The Journal of Chemical Physics 04/2007; 126(10):104903. DOI:10.1063/1.2538679 · 2.95 Impact Factor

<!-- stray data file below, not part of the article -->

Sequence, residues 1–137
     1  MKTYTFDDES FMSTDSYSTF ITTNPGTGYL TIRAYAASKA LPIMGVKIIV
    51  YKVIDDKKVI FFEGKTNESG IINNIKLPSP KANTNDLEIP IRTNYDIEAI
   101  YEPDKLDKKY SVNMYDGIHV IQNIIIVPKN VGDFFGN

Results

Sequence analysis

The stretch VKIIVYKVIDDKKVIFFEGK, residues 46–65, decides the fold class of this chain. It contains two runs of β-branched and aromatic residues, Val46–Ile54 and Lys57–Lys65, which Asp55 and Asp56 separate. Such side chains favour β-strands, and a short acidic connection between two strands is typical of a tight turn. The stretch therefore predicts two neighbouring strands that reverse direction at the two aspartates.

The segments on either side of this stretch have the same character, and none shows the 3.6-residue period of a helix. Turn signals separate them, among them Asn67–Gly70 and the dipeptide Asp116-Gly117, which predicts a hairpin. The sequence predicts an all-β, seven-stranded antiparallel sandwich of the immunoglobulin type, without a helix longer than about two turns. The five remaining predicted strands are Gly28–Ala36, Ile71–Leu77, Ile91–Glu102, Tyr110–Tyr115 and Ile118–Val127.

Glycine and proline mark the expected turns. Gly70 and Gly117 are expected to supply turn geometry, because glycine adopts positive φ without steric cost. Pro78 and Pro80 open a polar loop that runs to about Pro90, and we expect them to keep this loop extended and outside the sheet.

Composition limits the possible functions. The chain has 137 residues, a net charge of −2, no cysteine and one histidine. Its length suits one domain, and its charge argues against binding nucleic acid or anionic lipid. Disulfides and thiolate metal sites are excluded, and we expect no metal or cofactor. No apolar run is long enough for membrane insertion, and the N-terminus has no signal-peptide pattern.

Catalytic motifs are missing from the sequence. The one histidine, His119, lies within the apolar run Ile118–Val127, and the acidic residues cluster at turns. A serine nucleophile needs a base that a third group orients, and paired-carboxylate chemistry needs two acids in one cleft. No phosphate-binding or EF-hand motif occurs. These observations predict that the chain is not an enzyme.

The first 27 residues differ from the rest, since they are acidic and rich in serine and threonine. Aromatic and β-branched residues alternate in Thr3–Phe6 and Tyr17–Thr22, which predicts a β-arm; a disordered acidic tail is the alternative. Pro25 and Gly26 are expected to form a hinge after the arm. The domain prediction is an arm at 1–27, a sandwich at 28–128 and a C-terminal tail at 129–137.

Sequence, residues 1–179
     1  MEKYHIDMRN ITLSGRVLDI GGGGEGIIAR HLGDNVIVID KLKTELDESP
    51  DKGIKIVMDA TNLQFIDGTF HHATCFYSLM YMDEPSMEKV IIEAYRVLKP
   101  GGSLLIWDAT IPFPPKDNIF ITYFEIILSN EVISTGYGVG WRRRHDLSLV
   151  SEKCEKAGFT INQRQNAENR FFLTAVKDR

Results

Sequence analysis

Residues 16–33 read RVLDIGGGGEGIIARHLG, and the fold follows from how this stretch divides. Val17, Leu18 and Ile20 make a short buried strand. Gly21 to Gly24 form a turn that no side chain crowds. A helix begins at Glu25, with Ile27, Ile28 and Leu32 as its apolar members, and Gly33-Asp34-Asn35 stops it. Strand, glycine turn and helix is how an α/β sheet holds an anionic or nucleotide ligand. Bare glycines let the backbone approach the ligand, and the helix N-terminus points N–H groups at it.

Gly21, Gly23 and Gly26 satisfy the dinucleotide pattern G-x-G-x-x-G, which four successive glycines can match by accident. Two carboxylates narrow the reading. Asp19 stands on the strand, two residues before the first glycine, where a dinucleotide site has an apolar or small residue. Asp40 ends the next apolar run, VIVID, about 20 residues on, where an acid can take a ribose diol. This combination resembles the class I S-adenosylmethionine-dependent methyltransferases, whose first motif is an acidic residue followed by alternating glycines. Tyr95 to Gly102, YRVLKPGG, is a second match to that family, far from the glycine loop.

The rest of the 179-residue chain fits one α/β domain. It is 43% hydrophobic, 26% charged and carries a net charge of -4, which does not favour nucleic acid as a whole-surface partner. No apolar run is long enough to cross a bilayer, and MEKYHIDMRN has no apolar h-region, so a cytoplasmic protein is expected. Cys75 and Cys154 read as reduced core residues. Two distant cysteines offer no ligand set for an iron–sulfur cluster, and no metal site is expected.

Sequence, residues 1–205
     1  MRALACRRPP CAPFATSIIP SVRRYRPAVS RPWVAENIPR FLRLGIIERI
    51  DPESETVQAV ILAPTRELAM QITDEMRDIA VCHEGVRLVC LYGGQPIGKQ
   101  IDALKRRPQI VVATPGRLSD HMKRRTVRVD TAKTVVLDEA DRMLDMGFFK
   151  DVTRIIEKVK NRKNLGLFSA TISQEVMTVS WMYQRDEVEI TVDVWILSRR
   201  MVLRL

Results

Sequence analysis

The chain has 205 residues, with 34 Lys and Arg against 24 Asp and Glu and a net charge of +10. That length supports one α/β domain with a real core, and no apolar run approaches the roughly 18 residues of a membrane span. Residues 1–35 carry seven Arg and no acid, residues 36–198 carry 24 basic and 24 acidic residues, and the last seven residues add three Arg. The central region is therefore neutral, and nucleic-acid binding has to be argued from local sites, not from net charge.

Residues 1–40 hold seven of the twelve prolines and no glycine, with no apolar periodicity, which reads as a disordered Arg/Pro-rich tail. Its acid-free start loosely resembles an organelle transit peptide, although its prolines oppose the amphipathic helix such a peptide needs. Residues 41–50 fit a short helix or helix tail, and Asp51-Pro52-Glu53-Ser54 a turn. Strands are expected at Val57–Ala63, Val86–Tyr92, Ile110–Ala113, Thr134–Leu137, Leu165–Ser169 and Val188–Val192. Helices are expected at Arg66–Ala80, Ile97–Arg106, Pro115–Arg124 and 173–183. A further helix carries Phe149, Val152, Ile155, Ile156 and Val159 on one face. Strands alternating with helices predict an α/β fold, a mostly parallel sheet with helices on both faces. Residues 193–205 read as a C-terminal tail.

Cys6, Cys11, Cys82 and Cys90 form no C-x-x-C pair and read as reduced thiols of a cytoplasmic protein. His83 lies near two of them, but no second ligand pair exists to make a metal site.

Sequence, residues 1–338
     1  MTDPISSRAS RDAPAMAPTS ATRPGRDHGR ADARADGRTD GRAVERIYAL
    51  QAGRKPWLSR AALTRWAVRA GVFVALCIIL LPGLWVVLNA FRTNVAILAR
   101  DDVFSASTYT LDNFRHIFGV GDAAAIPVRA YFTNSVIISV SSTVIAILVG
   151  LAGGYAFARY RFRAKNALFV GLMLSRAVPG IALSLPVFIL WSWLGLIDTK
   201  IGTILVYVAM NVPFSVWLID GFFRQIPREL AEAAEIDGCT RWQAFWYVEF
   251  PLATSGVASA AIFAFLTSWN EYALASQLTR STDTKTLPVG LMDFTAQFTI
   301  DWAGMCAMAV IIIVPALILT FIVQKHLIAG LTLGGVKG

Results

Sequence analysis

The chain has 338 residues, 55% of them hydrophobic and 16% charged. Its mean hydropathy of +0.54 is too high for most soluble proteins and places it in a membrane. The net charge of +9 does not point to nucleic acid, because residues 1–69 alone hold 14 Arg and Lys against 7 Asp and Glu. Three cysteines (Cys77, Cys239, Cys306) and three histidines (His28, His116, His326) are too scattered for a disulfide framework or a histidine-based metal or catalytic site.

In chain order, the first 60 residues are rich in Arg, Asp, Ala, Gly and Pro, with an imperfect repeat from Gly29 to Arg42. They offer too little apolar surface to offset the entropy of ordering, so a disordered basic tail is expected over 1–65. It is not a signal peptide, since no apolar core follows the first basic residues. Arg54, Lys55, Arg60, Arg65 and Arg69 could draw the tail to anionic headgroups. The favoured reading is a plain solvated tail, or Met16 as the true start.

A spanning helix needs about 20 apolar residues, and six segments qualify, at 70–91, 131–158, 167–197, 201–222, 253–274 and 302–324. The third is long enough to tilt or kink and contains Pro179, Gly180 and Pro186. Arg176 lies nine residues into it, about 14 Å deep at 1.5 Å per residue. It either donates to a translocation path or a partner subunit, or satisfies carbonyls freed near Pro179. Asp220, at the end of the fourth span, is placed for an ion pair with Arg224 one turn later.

[Show abstract][Hide abstract] ABSTRACT: In the past few years, different models and analytical approximations have been developed facing the problem of the electrical conductivity of a concentrated colloidal suspension, according to the cell-model concept. Most of them make use of the Kuwabara cell model to account for hydrodynamic particle-particle interactions, but they differ in the choice of electrostatic boundary conditions at the outer surface of the cell. Most analytical and numerical studies have been developed using two different sets of boundary conditions of the Neumann or Dirichlet type for the electrical potential, ionic concentrations or electrochemical potentials at that outer surface. In this contribution, we study and compare numerical conductivity predictions with results obtained using different analytical formulas valid for arbitrary zeta potentials and thin double layers for each of the two common sets of boundary conditions referred to above. The conductivity will be analyzed as a function of particle volume fraction, phi, zeta potential, zeta, and electrokinetic radius, kappaa (kappa(-1) is the double layer thickness, and a is the radius of the particle). A comparison with some experimental conductivity results in the literature is also given. We demonstrate in this work that the two analytical conductivity formulas, which are mainly based on Neumann- and Dirichlet-type boundary conditions for the electrochemical potential, predict values of the conductivity very close to their corresponding numerical results for the same boundary conditions, whatever the suspension or solution parameters, under the assumption of thin double layers where these approximations are valid. Furthermore, both analytical conductivity equations fulfill the Maxwell limit for uncharged nonconductive spheres, which coincides with the limit kappaa --> infinity. However, some experimental data will show that the Neumann, either numerical or analytical, approach is unable to make predictions in agreement with experiments, unlike the Dirichlet approach which correctly predicts the experimental conductivity results. In consequence, a deeper study has been performed with numerical and analytical predictions based on Dirichlet-type boundary conditions.